I wake up every day and wonder what I did to deserve receiving this fantastic opportunity to spend 10 months in Macedonia. In the month I have been here, my experiences have been terrific. (Getting sick was just a minor setback, and now I'm much better.)
So far, the highlight has been the Skopje Jazz Festival; I spent four nights in a row (October 23-26), listening to world-class jazz: Aki Takase, Marilyn Masur, James Carter Quintet, Chick Corea and the Power of Three, Brad Mehldau Trio, Michele Polga Quartet, Arve Henriksen/Jan Bang, and John Hassell and Maarifa Street.
It doesn't get much better than this.
Thanks to the generosity of Oliver and Naditsa Belopeta, I saw and heard several great bands play in halls with perfect accoustics. Naditsa and her friends picked me up every night and took me home, even on the Saturday night I forgot about the time change and nearly missed the Arve Henriksen/Jan Bang and John Hassell and Maarifa Street performances. But in the end, all worked out.
I loved Aki Takase's piano playing; she did things to that piano that I thought weren't possible. She reached inside the piano itself, and actually played the strings. And her energy level...Wow. On YouTube, I found a sample of her playing but not Fats Waller. Still, she reaches inside the guts of that piano and plucks away...
I have never seen anyone do that before--which goes to show that something new can be learned each and every day.
My favorite was the James Carter Quintet. Phenomenal! I'm not well-versed in music, but Carter played the saxophone with great energy. Like Takase, he did things with his horn that should border on abuse, but, wow, the music that came out was simply amazing. This embedded YouTube video--which could disappear at any time--is from the Jazz Fest Wien 2008:
I would classify Carter's Quintet as extreme, to-the-edge Jazz.
Chick Corea and The Power of Three was a close second, with just great piano playing.
This 2007 video offers a small taste:
Nothing can match the live performances of great bands, though.
Arve Henriksen/Jan Bang and John Hassell and Maarifa Street seemed more like The Hearts of Space (new age) music so popular on PBS. I would have never classified these groups as jazz, though I still enjoyed them (but after the rather large Skopsko Pivo during intermission, I kind went into a dream state that was difficult to shake). But what do I know? I'm not a musical expert.
I enjoyed all the performers and feel truly privileged that I was offered this great gift. Also, thanks to Mito Belopeta who gave me his backstage pass as a souvenir (but not to get backstage, so don't worry, Oliver and all; I did not crash the backstage. I behaved like a Pollyanna).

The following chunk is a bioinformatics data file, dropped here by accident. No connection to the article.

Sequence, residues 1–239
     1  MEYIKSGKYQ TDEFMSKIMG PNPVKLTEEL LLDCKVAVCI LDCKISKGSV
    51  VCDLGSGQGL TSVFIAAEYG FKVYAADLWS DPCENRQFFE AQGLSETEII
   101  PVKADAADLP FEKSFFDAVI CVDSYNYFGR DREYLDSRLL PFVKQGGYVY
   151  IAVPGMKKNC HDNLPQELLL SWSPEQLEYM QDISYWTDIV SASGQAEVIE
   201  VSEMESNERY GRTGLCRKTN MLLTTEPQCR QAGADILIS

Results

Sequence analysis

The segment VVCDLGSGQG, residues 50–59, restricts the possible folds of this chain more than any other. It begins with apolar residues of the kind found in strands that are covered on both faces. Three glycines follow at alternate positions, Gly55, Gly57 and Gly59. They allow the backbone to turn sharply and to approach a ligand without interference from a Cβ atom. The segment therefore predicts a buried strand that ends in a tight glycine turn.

By late Monday night, after Chick Corea, I was totally ragged out, but I had to drag my poor sorry rear out of bed early Tuesday morning to read papers for my Creative Writing class; by Tuesday night I was ready to crash. Other than grade a few papers and teaching one class, I did nothing but flop on the sofa and watch the Hallmark Channel (in English, with Croatian subtitles, and commercials in Hungarian. If anyone can explain this to me, please do).
By Wednesday, Thursday, and Friday, it was get-serious time because I was way behind in getting some materials together for my classes and for posting on my Academic site. Academic Writing takes the longest time to prepare (which is almost always true of "service courses"). I'm mostly caught up now, but I still have to read some stories for Creative Writing before Tuesday.
On Saturday, I wrote Chapter 2 of Corpus Delicious, my blog novel, and posted it here. Will anything come of it? Who knows? The story line is pretty out there, but it's a book that has been nagging at me for the last five years. I'm not going to talk about it here, just write and post it and be done with it. I'll say this, though: it's not coming out the way I had anticipated. It's almost too much fun to write, which probably means it will turn out to be crap.
Vlado Cvetkovski called tonight and invited me to join him and Olivera to attend a Salvador Dali exhibit at the Modern Museum of Art here in Skopje. I think it's the large museum on the hill near Kale and the U.S. Embassy. I'll meet him and Olivera at their home tomorrow at 11:00 a.m. for coffee and then to the museum. I'm looking forward to the outing and seeing the Cvetkovskis again.
Macedonia may be a small country, but it does the arts in a major way. So many places to discover and things to do.